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About shiqiu1105

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  1. HI folks, I am trying to write a basic ray tracer with CUDA. What I have implemented now is simply 1 sample per pixel, and each sample is assigned to a cuda thread. And each thread traces it's own ray. I am writing to ask more advanced and efficient ways of doing this. For example, what's the best the strategy for parallelizing all the tasks? When Multiple samples are used, should I assign each thread all samples in one pixel, or should I only parallelize computation within a thread and sequentially render all pixels? And, I have also heard that it's better to trace ray in a breadth-first mannar? Why? any tutorial of how to do this? Anyway, I will appreciate any advice and idea, thank you~
  2. [quote name='jameszhao00' timestamp='1341496372' post='4955977'] Uniformly sampled bidirectional tracer is noisier in mostly directly light situations. On debugging: You're on the right track with the reference image comparison. Get ready for a boatload of pain though. I really suggest you download the Intel compiler trial. It saves a lot of debugging time (as the generated code pretty much beats VC++ by 10-20% usually) For BDPT, the weights for path configurations of a given path length must sum to 1. So, we can have any weights we want, as long as it sums to 1. Some things I would try - render with path length = 3 only, compare uniform bdpt with reference - render with path length = 3 only, render with 4 eye verts, 0 light verts weighted to 1, - render with path length = 3 only, render with 3 eye verts, 1 light verts weighted to 1, Also, I've found it extremely helpful to posterize the images in a photo editor (I use Paint.Net) and compare. It lets me see the lighting gradients very well. Also, having a crapload of asserts is extremely helpful (check your understanding, detect undesirable nan/infs) Also, I have some stuff in my blog when I implemented BDPT. (I have not yet written about MIS BDPT) Here's my reference uniform BDPT code by the way [url=""][/url] MIS BDPT (Does not handle specular / escaped ray) [url=""][/url] My implementation requires at least 2 eye vertices (so weights change slightly) [/quote] Hi I want to ask you something. How do I weight the first eye vertex if I am using the pinhole camera (no intersectable area in the lens)? Veach's thesis suggests we should set it to 1 / area, but in this case, we don't have area. Should I just set the probability of the first node to 1.0?
  3. How do you implement the SSS effect?? it's an approximation?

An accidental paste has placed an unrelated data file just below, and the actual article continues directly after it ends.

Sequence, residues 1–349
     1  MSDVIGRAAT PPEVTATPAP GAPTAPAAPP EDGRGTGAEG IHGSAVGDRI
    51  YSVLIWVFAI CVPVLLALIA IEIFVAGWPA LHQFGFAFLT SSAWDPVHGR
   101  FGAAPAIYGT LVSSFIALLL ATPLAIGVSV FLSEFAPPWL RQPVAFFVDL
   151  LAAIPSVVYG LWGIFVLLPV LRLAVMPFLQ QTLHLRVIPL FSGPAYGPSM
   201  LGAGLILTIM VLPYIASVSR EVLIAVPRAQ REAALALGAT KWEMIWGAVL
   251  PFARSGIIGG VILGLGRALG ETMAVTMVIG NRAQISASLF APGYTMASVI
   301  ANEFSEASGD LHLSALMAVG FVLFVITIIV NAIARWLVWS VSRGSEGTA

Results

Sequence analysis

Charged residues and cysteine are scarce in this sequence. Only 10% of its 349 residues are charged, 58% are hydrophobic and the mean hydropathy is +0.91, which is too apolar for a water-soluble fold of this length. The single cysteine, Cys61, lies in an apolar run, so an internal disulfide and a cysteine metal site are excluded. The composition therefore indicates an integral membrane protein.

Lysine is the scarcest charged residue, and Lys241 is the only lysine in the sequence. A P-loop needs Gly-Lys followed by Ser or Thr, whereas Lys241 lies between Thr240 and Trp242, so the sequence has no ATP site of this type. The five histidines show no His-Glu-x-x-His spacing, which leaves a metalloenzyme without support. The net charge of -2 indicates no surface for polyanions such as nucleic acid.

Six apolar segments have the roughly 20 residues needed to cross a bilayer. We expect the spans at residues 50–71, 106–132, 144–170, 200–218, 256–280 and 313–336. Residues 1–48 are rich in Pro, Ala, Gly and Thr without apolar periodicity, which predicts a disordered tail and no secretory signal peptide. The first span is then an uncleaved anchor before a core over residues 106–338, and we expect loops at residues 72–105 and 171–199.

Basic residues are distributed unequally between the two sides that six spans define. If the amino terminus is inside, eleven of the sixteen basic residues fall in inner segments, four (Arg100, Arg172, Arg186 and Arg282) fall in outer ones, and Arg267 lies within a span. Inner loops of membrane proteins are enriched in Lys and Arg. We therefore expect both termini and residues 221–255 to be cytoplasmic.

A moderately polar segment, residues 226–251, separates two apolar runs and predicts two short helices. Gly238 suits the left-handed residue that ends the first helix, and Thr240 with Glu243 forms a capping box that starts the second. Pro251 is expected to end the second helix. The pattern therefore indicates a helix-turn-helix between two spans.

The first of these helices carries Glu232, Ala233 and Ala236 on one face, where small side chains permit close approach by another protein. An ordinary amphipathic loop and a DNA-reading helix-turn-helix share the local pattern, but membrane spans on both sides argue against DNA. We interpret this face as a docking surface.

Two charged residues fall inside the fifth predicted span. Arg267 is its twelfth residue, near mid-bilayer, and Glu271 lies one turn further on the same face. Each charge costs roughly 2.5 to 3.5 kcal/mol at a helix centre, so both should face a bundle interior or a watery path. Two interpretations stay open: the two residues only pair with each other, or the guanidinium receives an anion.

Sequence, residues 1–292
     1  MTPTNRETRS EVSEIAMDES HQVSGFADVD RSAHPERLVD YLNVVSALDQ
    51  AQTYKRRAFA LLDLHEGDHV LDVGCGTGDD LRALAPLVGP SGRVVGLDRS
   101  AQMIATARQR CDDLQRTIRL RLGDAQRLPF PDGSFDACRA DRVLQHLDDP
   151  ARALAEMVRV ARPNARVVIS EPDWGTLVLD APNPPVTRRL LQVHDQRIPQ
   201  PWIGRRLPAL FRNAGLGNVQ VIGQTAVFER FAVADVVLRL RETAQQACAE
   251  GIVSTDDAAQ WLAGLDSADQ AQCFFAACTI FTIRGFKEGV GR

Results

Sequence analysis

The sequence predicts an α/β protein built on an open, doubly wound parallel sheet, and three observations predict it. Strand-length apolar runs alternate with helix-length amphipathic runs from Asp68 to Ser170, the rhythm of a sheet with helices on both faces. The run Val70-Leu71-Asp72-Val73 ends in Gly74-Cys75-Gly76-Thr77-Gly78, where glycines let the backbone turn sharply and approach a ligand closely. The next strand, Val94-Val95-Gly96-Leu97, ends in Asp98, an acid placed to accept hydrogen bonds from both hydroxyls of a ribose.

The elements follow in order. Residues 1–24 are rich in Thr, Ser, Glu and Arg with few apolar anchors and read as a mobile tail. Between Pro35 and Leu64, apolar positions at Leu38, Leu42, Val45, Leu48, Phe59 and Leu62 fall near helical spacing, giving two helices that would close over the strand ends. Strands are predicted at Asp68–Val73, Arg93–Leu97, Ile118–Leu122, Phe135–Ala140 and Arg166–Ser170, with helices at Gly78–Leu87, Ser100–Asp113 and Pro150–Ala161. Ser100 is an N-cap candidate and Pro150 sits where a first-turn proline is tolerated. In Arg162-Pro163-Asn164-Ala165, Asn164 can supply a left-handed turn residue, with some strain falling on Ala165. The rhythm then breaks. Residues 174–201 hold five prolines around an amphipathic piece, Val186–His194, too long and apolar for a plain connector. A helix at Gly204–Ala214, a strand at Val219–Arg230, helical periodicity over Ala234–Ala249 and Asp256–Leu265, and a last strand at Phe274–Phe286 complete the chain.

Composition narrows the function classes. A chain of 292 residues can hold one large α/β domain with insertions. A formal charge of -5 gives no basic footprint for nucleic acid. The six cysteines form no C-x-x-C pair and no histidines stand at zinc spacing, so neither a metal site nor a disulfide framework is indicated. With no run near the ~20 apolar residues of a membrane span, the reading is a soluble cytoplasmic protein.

4. Discussion on photon mapping.

    Nobody knows anything related to this topic??
  5. I have tried both the uniform and MIS approach. But I am not sure I calculated the path weights correctly, so I will take a look at your implementation, thanks a lot!! I think they should converge to the same result, even with the uniform approach(it just takes a lot more samples). So color differences and noise clearly indicate there are errors. This bug have been there for nearly 8 months, OMG..
  6. Hi guys, I have been reading pbrt and writing my own ray tracer. But I have bumped into a question though. In pbrt, it implements a low-discrepancy sampler which use the 0-2 sequence to generate high quality samples. It also states that when low-discrepancy pattern is used, the best image result comes with box filter(or no filter at all). Does this mean that, if I want to use low-discrepancy samples, then it's not necessary to add any filter to my ray tracer at all? And pbrt seems to say that the low-discrepancy sampler is the best, so in a filter will not be necessary to get the best image quality. I also noticed that it's written in pbrt that quasi monte carlo techniques such as low discrepancy sequence cannot be used together with russian roulette? And, is it really necessary to further shuffle the generated low-discrepancy sequence given that they are already scrambled?? The author of pbrt says it's necessary, other there will be unexpected artifacts. But I have tried otherwise, and the images look just fine for me. Can someone explain these to me, I am quite confused with all these knowledge.
  7. Hi guys, I have been trying to create my bidirectional path tracer for a long while. But there were always bugs which I was having a hard time debugging! The result image is down below. My bidir path tracer generates noiser images than my path tracer when the same amount of samples are used Bidir: [img][/img] Normal path tracer: [img][/img] Notice that not only is the bidir version noiser, they seem to converge to different colors too. Any idea how to debug? Bidir path tracer is particularly noisy in the edges, as you can see. Or can I put up the source code so that you guys can help?